How to Fight a Photo Ticket in Arizona


There are two types of photo enforcement systems in the state of Arizona: red-light cameras and speed cameras. With a red-light camera, a violation occurs when the vehicle drives into an intersection after the traffic light has turned red. The second type of photo camera is a mobile speed camera van. This unit is equipped with a RADAR system that notes if a vehicle is speeding. Knowing the proper laws can help an offender fight a photo ticket in Arizona.

Things You'll Need

  • Citation

Ways to Contest a Photo Ticket

  • The citation must be mailed from the issuing authority within 15 days of the offense in order for the defendant to prepare a proper defense. If not received in this time limit, there are grounds for dismissal.

  • When a red light or speeding camera takes a picture, enforcement officials match the camera photo to the DMV ID of the person who owns the vehicle. The court must prove with photographic evidence that the driver of the car is the same one charged with the citation. Blurry and unclear photos of the driver's face will help the case. A judge makes the final decision.

  • Arizona law claims that at least two signs are required to let motorists know that a photo enforcement system is present and operational. This is only needed when the posted speed limit is above 40mph.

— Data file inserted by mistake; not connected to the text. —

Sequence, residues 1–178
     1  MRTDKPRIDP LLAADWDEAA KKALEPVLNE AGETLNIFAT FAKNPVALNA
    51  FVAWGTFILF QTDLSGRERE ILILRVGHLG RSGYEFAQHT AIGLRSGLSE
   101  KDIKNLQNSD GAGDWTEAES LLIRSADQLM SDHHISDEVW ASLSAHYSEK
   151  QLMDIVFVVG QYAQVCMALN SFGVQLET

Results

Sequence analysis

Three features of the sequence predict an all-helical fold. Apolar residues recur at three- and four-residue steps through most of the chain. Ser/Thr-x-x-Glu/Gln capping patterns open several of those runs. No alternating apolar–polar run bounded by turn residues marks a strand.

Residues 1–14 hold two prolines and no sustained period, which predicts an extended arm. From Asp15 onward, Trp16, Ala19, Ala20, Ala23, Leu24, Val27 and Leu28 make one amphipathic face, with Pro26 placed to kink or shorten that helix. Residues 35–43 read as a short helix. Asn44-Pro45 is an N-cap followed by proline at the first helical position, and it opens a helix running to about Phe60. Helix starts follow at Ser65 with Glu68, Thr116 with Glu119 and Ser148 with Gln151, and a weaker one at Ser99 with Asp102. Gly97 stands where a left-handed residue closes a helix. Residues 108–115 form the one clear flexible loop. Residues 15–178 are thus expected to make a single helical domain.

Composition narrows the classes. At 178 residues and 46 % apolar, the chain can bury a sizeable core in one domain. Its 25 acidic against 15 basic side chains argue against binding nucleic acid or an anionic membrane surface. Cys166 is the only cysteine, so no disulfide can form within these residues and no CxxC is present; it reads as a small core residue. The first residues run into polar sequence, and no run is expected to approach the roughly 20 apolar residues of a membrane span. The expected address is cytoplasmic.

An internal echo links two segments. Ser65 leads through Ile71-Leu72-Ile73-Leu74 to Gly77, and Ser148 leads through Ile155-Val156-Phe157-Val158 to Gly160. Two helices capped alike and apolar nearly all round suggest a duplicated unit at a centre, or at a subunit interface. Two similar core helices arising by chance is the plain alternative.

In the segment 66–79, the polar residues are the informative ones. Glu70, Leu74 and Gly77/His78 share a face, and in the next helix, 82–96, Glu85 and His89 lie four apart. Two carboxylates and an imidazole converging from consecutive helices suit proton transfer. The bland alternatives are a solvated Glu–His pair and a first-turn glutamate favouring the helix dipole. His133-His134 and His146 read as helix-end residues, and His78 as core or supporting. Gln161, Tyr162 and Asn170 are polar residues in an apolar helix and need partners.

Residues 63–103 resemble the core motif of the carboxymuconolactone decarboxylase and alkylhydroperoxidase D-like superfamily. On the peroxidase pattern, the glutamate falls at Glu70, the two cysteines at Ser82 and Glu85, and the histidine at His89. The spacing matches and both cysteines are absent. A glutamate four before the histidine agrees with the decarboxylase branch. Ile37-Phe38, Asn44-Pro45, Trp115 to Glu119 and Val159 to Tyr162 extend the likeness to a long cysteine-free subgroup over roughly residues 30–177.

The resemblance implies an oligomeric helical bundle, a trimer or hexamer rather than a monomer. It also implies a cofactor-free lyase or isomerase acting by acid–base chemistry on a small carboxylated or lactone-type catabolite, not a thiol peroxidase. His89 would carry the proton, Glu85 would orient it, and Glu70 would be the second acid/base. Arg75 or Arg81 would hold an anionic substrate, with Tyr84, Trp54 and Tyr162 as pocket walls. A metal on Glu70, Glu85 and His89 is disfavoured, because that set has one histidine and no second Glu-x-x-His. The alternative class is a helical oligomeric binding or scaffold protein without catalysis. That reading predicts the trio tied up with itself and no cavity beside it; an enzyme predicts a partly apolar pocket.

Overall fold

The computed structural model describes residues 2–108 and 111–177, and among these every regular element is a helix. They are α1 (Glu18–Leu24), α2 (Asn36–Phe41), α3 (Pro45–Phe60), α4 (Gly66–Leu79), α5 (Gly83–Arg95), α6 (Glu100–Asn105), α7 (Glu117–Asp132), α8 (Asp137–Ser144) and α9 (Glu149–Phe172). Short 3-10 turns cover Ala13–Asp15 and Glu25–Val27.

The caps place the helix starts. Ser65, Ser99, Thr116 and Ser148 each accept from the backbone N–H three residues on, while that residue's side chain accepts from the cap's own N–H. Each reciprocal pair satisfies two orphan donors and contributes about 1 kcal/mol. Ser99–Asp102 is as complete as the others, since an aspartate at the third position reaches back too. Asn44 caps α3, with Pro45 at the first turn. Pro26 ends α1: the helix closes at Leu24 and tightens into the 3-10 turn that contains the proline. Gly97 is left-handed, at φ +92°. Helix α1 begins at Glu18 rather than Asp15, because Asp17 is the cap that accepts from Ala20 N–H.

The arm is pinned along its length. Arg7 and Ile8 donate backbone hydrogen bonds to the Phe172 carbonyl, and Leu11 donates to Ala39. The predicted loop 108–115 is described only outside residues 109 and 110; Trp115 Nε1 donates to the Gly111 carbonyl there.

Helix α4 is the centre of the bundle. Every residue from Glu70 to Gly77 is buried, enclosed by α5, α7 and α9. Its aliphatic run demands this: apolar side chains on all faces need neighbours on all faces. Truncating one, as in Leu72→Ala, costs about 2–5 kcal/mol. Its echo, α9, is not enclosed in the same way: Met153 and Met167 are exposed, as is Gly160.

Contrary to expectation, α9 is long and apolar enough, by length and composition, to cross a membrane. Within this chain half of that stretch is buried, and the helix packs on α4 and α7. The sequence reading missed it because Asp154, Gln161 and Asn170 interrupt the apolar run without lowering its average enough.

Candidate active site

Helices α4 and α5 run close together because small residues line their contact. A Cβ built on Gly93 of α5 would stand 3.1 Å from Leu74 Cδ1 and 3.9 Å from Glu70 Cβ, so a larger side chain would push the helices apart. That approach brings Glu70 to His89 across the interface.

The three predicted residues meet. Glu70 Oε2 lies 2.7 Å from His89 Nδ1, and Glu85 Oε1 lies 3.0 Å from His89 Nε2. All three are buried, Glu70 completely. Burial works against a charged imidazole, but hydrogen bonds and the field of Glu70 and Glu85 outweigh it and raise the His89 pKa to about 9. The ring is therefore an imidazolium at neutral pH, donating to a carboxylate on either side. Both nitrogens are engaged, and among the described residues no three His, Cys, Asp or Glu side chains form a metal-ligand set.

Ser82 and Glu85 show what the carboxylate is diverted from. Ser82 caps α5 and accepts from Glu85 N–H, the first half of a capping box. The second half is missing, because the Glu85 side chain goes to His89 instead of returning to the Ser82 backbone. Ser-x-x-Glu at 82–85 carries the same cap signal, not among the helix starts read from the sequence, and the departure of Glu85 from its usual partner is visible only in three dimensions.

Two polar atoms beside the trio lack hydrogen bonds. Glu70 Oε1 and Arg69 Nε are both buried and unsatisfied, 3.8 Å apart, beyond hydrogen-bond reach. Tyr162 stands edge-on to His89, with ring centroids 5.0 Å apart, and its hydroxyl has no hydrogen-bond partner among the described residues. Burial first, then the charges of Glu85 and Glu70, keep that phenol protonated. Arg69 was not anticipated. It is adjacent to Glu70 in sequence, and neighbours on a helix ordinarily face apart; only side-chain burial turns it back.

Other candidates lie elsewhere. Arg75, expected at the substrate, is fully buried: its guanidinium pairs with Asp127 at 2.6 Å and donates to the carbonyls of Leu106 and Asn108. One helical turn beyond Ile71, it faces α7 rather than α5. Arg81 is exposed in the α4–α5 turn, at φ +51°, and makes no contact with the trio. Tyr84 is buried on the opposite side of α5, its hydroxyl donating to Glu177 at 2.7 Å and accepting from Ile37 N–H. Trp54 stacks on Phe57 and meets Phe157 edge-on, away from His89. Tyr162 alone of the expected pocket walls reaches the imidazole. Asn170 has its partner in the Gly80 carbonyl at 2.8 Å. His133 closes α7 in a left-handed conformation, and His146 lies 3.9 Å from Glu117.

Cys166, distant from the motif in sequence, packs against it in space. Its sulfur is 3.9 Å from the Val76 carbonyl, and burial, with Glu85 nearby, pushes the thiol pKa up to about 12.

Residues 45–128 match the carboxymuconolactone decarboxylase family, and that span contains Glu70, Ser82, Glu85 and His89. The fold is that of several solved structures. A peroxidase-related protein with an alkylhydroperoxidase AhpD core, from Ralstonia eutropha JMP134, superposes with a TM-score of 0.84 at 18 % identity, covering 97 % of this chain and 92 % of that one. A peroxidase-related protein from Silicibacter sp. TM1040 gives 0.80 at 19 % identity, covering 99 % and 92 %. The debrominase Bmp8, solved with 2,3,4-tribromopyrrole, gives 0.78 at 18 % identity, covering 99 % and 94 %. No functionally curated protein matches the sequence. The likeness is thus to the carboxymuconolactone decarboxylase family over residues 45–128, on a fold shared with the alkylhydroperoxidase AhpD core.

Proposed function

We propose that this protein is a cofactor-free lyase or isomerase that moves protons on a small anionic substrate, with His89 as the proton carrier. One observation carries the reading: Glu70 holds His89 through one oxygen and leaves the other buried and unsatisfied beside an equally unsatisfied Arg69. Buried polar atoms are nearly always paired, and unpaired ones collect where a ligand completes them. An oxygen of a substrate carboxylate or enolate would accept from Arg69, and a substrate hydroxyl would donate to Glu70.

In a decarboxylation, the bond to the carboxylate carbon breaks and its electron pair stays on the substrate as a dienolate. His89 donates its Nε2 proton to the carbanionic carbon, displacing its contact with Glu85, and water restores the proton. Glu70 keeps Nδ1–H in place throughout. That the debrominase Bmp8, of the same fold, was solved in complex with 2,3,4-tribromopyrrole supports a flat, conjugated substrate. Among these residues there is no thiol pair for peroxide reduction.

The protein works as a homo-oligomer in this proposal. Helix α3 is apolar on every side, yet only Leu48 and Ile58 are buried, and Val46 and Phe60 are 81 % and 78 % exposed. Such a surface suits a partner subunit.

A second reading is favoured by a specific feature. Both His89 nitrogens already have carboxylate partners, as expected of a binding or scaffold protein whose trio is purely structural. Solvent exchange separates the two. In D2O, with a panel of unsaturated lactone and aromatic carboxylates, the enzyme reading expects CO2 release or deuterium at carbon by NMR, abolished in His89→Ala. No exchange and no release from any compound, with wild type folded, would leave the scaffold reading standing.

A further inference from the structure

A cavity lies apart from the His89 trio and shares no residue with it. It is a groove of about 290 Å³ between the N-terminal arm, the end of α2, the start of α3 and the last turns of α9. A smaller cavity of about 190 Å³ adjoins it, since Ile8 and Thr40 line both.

• Citations are generally issued through regular mail. In Arizona, the citation also includes a request to sign a waiver to "your right to proper service." If this waiver isn't signed, a process server must deliver the citation. If the offender isn't served within 120 days, the ticket is dismissed.

Tips & Warnings

  • Vehicles registered to an LLC are immune to photo tickets. Arizona civil traffic violations can only be issued to a person.
  • The easiest way to avoid a photo ticket is to not speed in the first place and follow all the proper signage of the road.


  • Photo Credit Jupiterimages/liquidlibrary/Getty Images
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